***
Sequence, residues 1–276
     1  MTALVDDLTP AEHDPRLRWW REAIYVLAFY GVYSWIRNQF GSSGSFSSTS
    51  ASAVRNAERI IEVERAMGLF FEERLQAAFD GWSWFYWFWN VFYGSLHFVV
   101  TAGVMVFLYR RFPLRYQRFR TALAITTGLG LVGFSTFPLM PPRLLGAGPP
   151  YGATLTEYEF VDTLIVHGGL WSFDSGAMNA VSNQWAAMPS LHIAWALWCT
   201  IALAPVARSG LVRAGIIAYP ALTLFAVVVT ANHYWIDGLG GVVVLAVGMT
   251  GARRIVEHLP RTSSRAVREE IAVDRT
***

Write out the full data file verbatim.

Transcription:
Sequence, residues 1–276
     1  MTALVDDLTP AEHDPRLRWW REAIYVLAFY GVYSWIRNQF GSSGSFSSTS
    51  ASAVRNAERI IEVERAMGLF FEERLQAAFD GWSWFYWFWN VFYGSLHFVV
   101  TAGVMVFLYR RFPLRYQRFR TALAITTGLG LVGFSTFPLM PPRLLGAGPP
   151  YGATLTEYEF VDTLIVHGGL WSFDSGAMNA VSNQWAAMPS LHIAWALWCT
   201  IALAPVARSG LVRAGIIAYP ALTLFAVVVT ANHYWIDGLG GVVVLAVGMT
   251  GARRIVEHLP RTSSRAVREE IAVDRT